Do they have a big communications job on their hands? You bet.
Taken together, these two ministries manage tens of thousands of communications transactions annually in the form of telephone calls, emails and, even in the computer age, actual paper letters . It’s not an understatement to say that the people in these, and other, ministry correspondence units are some of the hardest working office staff in BC.
With the involvement and passionate commitment of these staff, we have been fortunate to be able to help them simplify and streamline their correspondence processes while, concurrently, building stronger, higher performing internal correspondence management teams. Average staff satisfaction with our approach was scored at over 80%. We were able to help them reduce process steps by up to 50% while increasing product quality and overall service standards: so something must have gone right.
What did we take away from this experience? Here are five things we learned from these humongous, complex assignments:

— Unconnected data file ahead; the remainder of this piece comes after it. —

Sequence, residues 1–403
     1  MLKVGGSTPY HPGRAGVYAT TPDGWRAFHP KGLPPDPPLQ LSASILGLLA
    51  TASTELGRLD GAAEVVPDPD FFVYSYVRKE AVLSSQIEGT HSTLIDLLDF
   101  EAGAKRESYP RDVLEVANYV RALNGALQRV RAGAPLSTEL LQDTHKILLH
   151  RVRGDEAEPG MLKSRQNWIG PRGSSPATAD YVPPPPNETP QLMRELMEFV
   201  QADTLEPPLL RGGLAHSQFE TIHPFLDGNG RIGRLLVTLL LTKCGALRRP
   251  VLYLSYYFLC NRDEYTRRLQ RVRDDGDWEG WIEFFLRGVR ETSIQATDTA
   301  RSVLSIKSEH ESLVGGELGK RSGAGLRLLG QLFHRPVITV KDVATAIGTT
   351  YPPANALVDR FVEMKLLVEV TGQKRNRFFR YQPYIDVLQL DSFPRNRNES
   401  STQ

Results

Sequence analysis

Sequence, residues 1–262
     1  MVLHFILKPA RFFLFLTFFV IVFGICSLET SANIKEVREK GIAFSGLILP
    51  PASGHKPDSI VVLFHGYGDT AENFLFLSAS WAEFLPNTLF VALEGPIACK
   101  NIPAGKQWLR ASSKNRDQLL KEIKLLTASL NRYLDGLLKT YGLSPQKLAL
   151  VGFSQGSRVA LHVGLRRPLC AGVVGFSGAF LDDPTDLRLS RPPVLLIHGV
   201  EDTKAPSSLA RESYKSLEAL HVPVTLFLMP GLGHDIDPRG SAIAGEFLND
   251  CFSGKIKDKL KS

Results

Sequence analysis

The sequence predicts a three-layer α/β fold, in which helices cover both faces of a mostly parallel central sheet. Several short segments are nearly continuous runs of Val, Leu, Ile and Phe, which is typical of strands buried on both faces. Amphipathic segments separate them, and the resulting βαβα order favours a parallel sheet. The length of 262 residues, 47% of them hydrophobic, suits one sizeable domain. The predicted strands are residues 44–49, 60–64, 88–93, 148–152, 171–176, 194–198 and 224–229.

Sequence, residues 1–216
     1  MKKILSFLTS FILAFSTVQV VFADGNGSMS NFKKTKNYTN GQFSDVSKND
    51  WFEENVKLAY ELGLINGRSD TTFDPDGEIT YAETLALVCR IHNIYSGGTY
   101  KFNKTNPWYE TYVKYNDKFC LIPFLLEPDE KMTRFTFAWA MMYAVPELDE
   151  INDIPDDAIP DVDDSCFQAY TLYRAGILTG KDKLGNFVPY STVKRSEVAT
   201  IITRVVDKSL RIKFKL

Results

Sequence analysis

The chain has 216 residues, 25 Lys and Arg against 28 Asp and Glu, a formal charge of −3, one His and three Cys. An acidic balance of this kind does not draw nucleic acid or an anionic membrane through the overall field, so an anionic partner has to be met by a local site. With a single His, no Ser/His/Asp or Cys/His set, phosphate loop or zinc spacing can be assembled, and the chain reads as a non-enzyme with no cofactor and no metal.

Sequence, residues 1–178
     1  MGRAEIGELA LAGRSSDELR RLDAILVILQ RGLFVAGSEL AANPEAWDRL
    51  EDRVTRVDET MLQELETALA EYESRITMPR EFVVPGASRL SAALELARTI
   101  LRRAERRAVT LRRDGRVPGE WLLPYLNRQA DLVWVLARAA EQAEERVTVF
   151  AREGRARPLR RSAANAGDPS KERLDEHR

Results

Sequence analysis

1. You have to take it personally.
When a citizen of BC writes to their provincial government, it’s almost always notbecause they want to thank them for doing a good job.
Many pieces of communication are related to various problems people experience during normal interactions with a huge system. Everyone has a different experience, and it’s hard to template a standard response. Consequently, staff make sure that each and every piece of correspondence is considered from the point of view of the writer. On the one hand we found this inspiring: everyone is entitled to an objective hearing, and a response, based on their particular issue. On the other hand, from a process efficiency point of view, this produces a vast and complex array of responses that can be impossible to quantify, synthesize and streamline. Nevertheless, as a principle, it is important to honour and preserve the importance of this personal touch.
2. Involve everyone.